Coleman leaves lasting legacy


Dean Coleman checks his bean crop in this 2012 file photo after a very dry year. During his lifetime, Coleman saw soybeans grow from very much a secondary crop in Iowa to one of the leading cash crops in the U.S., that not only powered people and animals in a dietary sense, but also farmer’s tractors and combines. Humboldt Independent file photo.

By KENT THOMPSON
“He had a passion and could connect with everyone from second and third graders on his farm to foreign dignitaries on a trade mission. The net Dean cast in his neighborhood, school district and the state and national soybean world can’t be replaced.”
Those words from Vincent farmer and former Iowa Soybean Association (ISA) Board member Jim Legvold were echoed time and time again this past week at the local coffee shops, at the Faith United Methodist Church and at the Iowa Soybean Association headquarters in Ankeny, as memories poured in about Humboldt farmer Dean Coleman and his impact on American agriculture and beyond.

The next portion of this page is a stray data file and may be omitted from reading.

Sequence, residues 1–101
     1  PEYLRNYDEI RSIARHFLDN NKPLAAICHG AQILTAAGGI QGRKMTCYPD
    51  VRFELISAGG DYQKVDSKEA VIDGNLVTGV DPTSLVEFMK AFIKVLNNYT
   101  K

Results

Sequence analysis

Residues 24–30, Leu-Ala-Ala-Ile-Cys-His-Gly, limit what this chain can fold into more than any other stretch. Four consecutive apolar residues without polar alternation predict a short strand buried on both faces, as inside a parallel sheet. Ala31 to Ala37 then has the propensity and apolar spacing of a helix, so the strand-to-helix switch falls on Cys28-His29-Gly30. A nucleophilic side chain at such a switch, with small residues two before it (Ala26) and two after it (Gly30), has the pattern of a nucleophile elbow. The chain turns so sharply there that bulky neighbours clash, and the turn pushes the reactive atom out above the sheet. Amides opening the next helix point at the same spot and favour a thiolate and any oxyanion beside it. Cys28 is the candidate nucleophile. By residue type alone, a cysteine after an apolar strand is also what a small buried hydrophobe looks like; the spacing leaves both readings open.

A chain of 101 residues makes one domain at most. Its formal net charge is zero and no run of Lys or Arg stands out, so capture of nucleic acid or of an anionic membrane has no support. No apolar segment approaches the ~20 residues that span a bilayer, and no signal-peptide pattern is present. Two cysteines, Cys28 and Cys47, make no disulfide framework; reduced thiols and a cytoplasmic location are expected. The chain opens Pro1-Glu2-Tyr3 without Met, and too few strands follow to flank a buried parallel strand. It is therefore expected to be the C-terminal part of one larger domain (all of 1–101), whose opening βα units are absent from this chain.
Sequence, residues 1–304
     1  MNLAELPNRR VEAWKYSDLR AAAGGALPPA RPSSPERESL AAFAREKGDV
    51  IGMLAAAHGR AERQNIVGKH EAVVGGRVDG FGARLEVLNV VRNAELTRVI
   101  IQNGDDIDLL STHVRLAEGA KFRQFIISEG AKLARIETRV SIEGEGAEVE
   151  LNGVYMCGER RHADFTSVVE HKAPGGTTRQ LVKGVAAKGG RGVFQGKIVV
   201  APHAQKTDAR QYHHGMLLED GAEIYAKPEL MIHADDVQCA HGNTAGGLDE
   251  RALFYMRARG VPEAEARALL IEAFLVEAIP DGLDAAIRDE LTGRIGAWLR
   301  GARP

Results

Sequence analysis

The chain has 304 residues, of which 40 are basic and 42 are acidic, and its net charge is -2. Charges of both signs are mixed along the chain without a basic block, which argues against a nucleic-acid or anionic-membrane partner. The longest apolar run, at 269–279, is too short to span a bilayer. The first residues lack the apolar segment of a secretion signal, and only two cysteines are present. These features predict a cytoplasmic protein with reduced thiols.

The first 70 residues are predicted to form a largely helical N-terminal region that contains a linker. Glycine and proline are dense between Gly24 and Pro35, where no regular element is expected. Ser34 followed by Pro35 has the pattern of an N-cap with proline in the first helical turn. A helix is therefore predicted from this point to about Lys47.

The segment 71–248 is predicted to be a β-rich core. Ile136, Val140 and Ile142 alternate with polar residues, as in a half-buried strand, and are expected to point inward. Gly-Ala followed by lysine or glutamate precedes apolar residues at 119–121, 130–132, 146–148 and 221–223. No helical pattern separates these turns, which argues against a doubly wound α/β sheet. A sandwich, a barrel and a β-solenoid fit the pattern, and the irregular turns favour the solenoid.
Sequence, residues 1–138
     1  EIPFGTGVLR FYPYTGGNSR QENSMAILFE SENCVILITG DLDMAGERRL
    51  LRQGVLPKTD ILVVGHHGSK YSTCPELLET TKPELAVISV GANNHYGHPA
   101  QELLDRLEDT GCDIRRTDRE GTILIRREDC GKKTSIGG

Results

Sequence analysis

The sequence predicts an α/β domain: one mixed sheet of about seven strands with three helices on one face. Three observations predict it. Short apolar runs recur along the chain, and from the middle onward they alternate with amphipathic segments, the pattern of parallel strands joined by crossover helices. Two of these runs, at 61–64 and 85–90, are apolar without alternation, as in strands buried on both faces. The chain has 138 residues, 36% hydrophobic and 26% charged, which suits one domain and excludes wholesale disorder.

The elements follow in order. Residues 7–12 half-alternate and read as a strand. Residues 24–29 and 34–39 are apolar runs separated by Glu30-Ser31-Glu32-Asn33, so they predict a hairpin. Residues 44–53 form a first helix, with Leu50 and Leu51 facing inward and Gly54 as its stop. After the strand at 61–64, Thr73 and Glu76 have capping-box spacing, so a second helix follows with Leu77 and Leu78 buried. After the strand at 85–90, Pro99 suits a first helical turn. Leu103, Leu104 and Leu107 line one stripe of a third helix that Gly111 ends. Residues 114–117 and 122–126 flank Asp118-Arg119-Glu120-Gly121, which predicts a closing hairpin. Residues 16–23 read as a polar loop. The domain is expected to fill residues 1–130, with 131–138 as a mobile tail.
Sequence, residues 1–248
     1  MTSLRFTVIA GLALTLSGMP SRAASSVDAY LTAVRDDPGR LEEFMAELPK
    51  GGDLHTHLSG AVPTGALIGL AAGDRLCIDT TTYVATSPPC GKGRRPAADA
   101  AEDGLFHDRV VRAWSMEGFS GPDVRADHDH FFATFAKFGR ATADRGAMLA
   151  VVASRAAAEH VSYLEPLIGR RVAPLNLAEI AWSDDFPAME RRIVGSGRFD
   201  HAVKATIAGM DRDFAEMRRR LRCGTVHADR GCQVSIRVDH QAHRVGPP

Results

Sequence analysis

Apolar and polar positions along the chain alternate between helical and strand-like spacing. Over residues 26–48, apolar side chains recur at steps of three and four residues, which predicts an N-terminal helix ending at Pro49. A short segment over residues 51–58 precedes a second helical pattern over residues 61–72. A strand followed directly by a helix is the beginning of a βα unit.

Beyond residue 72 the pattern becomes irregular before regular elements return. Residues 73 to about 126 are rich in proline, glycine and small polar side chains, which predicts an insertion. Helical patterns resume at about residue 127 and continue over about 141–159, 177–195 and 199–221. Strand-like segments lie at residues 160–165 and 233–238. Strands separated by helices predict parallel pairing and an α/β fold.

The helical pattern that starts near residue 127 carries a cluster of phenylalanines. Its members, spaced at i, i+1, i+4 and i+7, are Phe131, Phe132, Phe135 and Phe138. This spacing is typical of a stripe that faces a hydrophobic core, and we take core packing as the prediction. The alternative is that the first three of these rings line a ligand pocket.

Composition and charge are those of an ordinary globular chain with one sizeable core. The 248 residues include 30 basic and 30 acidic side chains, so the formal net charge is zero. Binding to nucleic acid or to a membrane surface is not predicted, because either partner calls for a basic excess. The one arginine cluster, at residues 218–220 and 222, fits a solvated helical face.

Coleman, 62, died early Tuesday, Aug. 13, from injuries suffered in a fall from inside a grain bin on his farm on 230th Street, on Aug. 12.
A tireless promoter of the corn and soybeans he raised on his farm, Coleman was a 15-year board member of the Iowa Soybean Association and had served on the American Soybean Association Board since 2016.
“Dean relished the opportunity to go on trade missions and while he was quiet and soft-spoken, he became a very effective spokesperson for growers from Iowa and the nation. He brought his farm knowledge and self-assuredness to a number of trade missions and in hosting guests on his farm from around the world,” ISA CEO Kirk Leeds said.
“His leadership was a natural progression, he enjoyed being part of committee groups and task forces focused on big things," Leeds remarked. Read the full story about this leader remembered in this week's Humboldt Independent.

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